Summary:  I am an environmentalist.  But when environmentalists use the same tactics as anti-communists like Senator Joe McCarthy, we waste valuable resources, and shut down legitimate end markets (like the Samsung Corning CRT glass-to-glass operation, which will turn to mined sources of material). 

To be fair, Yttrium is not child's play, it's also a restricted substance because, like asbestos, it can cause lung cancer if you inhale it.   Maybe, some could argue, it really doesn't matter if we all repeated that cadmium phosphors were in the CRTs, since anyway there's yttrium which, while not listed on the Restriction of Hazardous Waste Substances Directive, as cadmium is, is also not safe.  Yttrium is also present in phosphors in the lastest LED color display technologies.   In almost immeasurable amounts.

If you research cadmium, the deaths and toxicity poisoning are concentrated - surprise - in mining and refining communities.  

Again, I researched this because our plant EH and S requires MSDS sheets on everything we handle, and I was using the MSDS sheets for different CRT manufacturers and dagnabit, could not find cadmium in ANY of the ones I searched.  But we have had several safety meetings where staff are concerned about the "witches brew" of toxic elements in the mostly inert substances they handle.  We take each inquiry seriously, and we make discoveries (like Yttrium), but we also have become more focused on the real dangers at the recycling plant - such as forklift driving.   Anyone with decades of recycling experience knows that the forklift is the third rail in the operation.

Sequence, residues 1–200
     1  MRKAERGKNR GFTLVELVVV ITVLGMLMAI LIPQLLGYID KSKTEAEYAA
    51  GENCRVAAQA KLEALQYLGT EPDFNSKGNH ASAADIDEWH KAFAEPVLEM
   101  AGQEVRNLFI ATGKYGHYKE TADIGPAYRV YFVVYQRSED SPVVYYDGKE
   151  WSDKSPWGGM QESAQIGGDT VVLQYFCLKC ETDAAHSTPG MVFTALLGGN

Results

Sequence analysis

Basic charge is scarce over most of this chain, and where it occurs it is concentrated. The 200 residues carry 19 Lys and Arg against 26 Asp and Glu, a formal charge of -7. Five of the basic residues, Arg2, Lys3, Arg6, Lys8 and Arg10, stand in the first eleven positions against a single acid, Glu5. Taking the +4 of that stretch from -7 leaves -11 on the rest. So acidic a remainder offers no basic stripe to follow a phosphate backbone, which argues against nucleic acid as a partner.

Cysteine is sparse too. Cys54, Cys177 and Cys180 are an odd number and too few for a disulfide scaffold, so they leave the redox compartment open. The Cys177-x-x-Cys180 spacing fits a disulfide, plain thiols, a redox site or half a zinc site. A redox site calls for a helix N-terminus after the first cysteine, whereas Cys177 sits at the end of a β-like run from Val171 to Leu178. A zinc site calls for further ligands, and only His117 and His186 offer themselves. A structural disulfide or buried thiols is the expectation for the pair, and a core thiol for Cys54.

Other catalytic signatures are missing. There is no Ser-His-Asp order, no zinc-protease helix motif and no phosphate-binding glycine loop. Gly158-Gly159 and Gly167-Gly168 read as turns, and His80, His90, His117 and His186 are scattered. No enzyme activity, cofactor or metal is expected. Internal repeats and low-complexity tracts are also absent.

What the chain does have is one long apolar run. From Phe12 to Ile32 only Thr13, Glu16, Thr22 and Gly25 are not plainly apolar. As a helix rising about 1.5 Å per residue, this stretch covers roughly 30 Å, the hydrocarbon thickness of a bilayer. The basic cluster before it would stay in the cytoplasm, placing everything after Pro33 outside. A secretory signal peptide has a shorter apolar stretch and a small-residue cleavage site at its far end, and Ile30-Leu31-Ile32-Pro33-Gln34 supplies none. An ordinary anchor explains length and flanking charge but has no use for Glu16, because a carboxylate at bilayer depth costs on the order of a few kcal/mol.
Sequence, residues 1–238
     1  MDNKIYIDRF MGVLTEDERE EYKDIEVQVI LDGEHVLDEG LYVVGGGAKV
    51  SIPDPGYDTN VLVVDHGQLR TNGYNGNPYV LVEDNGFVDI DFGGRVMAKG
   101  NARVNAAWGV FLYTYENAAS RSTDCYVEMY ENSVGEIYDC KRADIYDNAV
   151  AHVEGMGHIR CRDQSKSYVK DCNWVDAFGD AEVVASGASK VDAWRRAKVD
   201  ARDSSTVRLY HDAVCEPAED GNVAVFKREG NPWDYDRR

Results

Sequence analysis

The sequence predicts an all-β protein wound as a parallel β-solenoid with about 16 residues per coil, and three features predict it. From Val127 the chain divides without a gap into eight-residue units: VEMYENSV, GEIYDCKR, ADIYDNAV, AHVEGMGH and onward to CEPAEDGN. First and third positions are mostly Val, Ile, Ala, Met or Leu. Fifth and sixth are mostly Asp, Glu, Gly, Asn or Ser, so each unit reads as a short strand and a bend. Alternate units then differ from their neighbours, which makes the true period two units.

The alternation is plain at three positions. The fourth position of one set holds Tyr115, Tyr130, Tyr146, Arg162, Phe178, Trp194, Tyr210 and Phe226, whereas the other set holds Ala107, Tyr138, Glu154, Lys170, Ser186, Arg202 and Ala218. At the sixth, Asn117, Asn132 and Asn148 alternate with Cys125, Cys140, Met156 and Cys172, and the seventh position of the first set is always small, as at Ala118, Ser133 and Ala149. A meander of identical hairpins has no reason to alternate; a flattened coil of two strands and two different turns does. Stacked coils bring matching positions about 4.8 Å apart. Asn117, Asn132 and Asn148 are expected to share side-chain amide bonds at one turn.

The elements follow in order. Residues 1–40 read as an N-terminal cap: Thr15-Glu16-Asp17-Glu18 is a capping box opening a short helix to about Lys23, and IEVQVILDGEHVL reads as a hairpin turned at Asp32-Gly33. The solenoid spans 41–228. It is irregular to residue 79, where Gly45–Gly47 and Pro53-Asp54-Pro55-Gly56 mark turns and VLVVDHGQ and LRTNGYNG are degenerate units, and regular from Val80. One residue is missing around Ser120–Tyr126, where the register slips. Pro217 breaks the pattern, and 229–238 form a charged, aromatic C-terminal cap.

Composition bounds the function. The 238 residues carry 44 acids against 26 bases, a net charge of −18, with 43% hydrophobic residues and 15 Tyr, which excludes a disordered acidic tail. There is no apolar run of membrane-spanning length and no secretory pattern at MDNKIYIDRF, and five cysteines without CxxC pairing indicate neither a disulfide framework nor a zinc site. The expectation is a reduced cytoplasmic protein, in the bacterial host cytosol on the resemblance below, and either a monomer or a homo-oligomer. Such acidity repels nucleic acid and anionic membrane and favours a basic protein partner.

So my point is that while the alarm was appropriate when th subject first came up ten years ago, that it has been fed by a kind of self-perpetuating sense of alarm which accepted cadmium danger as fact, and accepted cadmium phosphors in CRT glass as a serious issue.  This same kind of rumor-reaction has created noise or "false positives" in other places, and it infects R2 (ink cartridges are now a focus material?  even though ink cartidges have no toxics?) as well as other places.

The good news, after a decade of articles and news stories, university researchers have a wide open field.  So much innuendo has been printed, you can do a little digging anywhere and find that the "ewaste" facts is a house of cards.  The harm is in mining, the "recycling scare" was interesting as a man-bites-dog (recycling is bad??) headline.  At the same time, we need researchers to focus on what the real dangers are in the e-waste field.  Some are concerned that if I deflate the concerns in the community, that the result will be muddled, with e-scrap companies returning to do whatever they want, abandoning many of the improvements (which our EH and S meetings symbolize) achieved thanks to the attention brought to our field by the Watchdogs.